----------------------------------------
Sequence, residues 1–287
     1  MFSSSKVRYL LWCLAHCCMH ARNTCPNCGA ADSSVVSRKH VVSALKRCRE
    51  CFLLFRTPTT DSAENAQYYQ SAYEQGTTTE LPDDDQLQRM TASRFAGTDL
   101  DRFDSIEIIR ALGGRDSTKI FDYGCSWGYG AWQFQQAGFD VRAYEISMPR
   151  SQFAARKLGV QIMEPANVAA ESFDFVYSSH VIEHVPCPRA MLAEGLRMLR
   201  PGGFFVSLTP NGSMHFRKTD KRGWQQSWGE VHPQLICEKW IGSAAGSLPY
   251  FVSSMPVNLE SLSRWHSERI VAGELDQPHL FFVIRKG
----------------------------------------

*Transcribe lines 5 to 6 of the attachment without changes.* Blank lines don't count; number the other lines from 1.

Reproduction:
   151  SQFAARKLGV QIMEPANVAA ESFDFVYSSH VIEHVPCPRA MLAEGLRMLR
   201  PGGFFVSLTP NGSMHFRKTD KRGWQQSWGE VHPQLICEKW IGSAAGSLPY